“The audits I am reporting on today underscore that the government does not have the answers to many questions that impact the future of sustainable development in Canada.”
GLOBE-Net, October 7, 2014 – This terse opening statement by Canada’s new Commissioner of the Environment and Sustainable Development Julie Gelfand signals her serious concerns about the federal governments management of climate change and related issues.
The Commissioner said there were far too many unanswered questions about the federal government’s management of greenhouse gas emissions, the environmental effects of oil sands development, energy exploration in Canada’s arctic waters, and assessing the environmental impacts of major projects.
With respect to climate change emissions, little has changed since the last audit of the government’s climate change management planning, she notes, and federal measures currently in place will have little effect on meeting our emissions targets by 2020.
Not only will Canada miss its international 2020 greenhouse gas emission reduction target, she states, the federal government does not have an overall plan that maps out how to achieve this target, what regulations will be developed, when, nor what greenhouse gas reductions can be expected, or how to coordinate climate change strategies with other levels of government.
Oil Sands Development
In its audit of the federal government’s monitoring of the environmental effects of oil sands development, currently underway in partnership with the province of Alberta, the Commissioner states bluntly that the government does not know what Environment Canada’s role will be with respect to oil sands monitoring beyond March 2015.
Nor has the government made clear the rationale for what oil sands related projects will be subject to environmental assessments.
“I am concerned that some significant projects may not be assessed,” she stated.
There remains much work to be done, she notes to understand the long term environmental effects of oils sands development, including cumulative impacts.
As well, Environment Canada needs to do a better job of integrating traditional ecological knowledge and engaging First Nations, Metis, and other groups, she argues.
Aboriginal People’s Engagement
Responding to concerns expressed over the implementation of the new 2012 Canadian Environmental Assessment Act, the Commissioner noted that one objective of the new Act was to increase Aboriginal engagement.
However, she notes, many groups, including Aboriginal peoples, are concerned they do not have the capacity to participate meaningfully, which in turn may diminish public confidence in the environmental assessment process.
Concerns were also expressed about Canada’s role in supporting marine navigation in the Arctic. The audit found significant gaps in surveying activities for high-risk areas in the Canadian Arctic, which if left unaddressed could present problems as marine traffic increases.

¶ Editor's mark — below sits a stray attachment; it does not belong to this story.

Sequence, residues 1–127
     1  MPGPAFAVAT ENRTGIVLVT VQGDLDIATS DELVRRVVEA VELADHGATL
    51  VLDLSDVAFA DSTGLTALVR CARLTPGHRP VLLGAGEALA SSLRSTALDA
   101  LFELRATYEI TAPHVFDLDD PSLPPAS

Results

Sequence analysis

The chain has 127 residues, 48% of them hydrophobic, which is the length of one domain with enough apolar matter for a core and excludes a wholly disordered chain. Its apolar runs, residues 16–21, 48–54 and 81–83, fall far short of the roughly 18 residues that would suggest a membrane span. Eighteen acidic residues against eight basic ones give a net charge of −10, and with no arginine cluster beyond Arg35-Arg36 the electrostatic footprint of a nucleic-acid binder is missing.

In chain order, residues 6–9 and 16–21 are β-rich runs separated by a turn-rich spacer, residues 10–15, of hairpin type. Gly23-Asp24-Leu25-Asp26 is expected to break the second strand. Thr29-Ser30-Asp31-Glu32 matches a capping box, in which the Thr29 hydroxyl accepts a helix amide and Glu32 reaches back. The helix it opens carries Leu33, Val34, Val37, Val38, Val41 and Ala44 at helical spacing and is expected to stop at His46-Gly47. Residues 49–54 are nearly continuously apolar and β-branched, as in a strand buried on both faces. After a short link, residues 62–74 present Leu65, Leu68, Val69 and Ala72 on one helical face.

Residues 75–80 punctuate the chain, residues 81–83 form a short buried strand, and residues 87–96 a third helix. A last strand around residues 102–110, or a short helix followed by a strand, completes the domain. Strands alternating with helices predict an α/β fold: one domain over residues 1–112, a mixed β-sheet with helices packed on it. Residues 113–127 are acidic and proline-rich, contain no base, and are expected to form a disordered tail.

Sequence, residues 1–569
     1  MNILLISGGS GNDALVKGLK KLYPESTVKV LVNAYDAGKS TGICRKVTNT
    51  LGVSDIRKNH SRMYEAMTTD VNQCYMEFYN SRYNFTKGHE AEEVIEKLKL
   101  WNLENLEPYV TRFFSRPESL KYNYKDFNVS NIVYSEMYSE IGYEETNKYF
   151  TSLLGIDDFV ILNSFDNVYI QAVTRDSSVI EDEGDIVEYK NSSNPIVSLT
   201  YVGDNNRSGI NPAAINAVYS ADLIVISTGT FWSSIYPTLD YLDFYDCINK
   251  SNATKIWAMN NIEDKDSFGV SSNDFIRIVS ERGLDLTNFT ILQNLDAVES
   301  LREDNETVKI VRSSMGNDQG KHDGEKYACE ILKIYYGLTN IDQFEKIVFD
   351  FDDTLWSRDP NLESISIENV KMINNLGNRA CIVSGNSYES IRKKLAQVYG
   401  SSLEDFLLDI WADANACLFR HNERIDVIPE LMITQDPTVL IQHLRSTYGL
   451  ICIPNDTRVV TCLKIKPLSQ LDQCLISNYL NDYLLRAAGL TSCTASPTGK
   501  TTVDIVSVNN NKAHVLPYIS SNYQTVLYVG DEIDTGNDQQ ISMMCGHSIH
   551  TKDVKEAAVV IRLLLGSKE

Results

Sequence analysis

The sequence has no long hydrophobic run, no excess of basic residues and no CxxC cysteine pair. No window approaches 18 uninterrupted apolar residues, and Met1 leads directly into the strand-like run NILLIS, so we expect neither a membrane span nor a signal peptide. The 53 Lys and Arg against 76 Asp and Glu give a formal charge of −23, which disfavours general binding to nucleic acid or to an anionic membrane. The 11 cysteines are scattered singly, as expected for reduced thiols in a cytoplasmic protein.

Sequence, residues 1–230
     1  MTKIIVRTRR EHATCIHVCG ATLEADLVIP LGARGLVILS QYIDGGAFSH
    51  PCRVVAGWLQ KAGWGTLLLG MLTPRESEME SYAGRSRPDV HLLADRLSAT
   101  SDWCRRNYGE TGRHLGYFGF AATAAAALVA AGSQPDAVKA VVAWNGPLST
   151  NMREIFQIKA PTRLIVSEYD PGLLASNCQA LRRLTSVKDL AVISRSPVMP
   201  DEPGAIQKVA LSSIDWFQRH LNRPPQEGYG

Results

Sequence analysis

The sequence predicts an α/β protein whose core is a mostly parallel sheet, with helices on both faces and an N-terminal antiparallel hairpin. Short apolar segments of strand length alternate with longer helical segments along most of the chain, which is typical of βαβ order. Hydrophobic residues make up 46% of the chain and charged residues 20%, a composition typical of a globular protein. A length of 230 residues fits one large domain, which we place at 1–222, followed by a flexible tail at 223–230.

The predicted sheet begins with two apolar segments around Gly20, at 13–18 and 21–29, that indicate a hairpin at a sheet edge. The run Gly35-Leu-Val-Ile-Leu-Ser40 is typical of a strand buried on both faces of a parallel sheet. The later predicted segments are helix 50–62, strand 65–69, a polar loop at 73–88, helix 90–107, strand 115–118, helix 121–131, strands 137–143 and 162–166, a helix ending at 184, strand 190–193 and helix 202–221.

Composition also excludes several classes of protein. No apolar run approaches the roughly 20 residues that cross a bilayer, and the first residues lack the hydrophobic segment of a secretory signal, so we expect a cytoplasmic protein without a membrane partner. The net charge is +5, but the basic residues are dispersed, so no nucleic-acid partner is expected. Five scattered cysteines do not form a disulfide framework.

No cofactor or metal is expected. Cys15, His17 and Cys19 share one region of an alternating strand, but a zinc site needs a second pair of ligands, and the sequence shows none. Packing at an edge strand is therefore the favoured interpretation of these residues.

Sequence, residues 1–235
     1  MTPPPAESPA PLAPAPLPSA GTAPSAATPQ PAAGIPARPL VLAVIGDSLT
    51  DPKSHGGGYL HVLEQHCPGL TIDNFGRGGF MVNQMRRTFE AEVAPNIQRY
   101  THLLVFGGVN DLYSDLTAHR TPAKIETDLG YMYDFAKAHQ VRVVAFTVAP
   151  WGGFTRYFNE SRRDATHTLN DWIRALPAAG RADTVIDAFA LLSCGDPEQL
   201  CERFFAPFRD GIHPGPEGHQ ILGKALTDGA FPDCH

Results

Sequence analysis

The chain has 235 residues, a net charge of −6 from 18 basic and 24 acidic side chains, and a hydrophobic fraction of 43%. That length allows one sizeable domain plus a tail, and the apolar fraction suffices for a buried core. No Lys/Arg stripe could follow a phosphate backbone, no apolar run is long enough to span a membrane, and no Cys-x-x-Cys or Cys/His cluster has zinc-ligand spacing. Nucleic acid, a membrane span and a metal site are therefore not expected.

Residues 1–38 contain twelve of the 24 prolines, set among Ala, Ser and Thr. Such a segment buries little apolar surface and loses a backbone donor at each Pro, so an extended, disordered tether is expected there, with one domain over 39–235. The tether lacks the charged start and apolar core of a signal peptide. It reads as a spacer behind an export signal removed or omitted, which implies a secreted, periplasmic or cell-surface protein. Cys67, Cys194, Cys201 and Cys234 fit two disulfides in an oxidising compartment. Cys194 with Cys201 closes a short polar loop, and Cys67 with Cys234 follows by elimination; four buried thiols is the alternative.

“I am concerned that there seems to be no overall vision of what the federal government intends to provide in this vast new frontier, in terms of modern charts, aids to navigation and icebreaker services, given the anticipated increase in vessel traffic,” noted the Commissioner.
Summing up, this year’s audits shows that despite some initiatives and progress in certain areas, there remain many unanswered questions.
“In many key areas that we looked at, it is not clear how the government intends to address the significant environmental challenges that future growth and development will likely bring about,” stated Commissioner Gelfand.
Federal Government’s Response
Environment Minister Leona Aglukkaq in a statement also released today said “Our Government continues to take action to protect the environment while supporting economic growth and prosperity.”
She cited in particular continuing efforts with Alberta, in partnership with aboriginal communities, to enhance this world-class scientific monitoring program, and the strengthening of internal practices for consultations throughout the environmental assessment process to engage First Nations, Métis, and Inuit communities.
She also referenced recent regulatory initiatives to reduce emissions and increase fuel efficiency for cars and trucks which will lower the sulphur content in gasoline by nearly 70 per cent and plans to phase down the use of hydrofluorocarbons, the fastest growing GHG on the planet.
“Canada is now a clean energy leader as we boast one of the cleanest electricity systems in the world with 79 per cent of Canada’s electricity supply emitting no GHGs,” she stated.
Full details on all aspects of the 2014 Fall Report of the Commissioner of the Environment and Sustainable Development are available here.